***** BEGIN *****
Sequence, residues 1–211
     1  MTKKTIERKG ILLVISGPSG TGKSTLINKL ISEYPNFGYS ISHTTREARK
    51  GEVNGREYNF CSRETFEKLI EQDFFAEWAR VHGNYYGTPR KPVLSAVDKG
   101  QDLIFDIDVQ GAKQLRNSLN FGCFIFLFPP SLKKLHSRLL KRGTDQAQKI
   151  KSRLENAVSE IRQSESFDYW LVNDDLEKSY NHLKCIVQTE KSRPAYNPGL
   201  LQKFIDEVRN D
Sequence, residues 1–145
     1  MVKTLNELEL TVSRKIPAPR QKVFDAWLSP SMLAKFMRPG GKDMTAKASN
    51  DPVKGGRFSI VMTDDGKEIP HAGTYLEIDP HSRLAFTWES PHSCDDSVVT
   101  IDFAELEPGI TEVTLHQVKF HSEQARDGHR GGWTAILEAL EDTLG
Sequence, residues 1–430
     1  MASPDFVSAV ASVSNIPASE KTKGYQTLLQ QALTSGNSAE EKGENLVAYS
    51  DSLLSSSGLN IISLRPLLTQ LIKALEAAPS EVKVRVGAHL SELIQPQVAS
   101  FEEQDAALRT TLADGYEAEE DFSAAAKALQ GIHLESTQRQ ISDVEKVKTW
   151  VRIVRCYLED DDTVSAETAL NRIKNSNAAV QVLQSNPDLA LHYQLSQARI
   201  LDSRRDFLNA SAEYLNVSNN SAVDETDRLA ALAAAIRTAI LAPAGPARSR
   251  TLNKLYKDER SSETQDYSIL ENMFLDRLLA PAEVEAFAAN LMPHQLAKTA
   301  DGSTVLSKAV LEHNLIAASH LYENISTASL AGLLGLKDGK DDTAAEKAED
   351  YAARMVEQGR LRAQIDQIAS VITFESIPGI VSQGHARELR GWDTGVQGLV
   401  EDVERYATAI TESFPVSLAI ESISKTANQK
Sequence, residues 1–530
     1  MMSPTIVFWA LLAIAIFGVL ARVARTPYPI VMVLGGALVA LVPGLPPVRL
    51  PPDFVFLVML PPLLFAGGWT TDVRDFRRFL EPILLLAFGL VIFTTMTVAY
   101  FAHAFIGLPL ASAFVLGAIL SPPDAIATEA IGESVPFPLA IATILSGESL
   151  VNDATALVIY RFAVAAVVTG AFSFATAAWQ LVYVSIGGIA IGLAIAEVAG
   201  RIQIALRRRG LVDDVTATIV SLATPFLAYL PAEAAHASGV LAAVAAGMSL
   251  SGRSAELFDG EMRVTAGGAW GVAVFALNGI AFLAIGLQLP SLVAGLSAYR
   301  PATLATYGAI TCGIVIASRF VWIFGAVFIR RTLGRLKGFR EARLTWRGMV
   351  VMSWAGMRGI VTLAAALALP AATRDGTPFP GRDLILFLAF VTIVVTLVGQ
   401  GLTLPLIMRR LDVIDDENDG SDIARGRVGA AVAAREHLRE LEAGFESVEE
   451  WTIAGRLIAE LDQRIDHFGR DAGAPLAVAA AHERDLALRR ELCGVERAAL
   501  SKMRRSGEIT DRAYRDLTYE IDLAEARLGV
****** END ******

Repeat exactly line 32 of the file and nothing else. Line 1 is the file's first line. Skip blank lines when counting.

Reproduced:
   501  SKMRRSGEIT DRAYRDLTYE IDLAEARLGV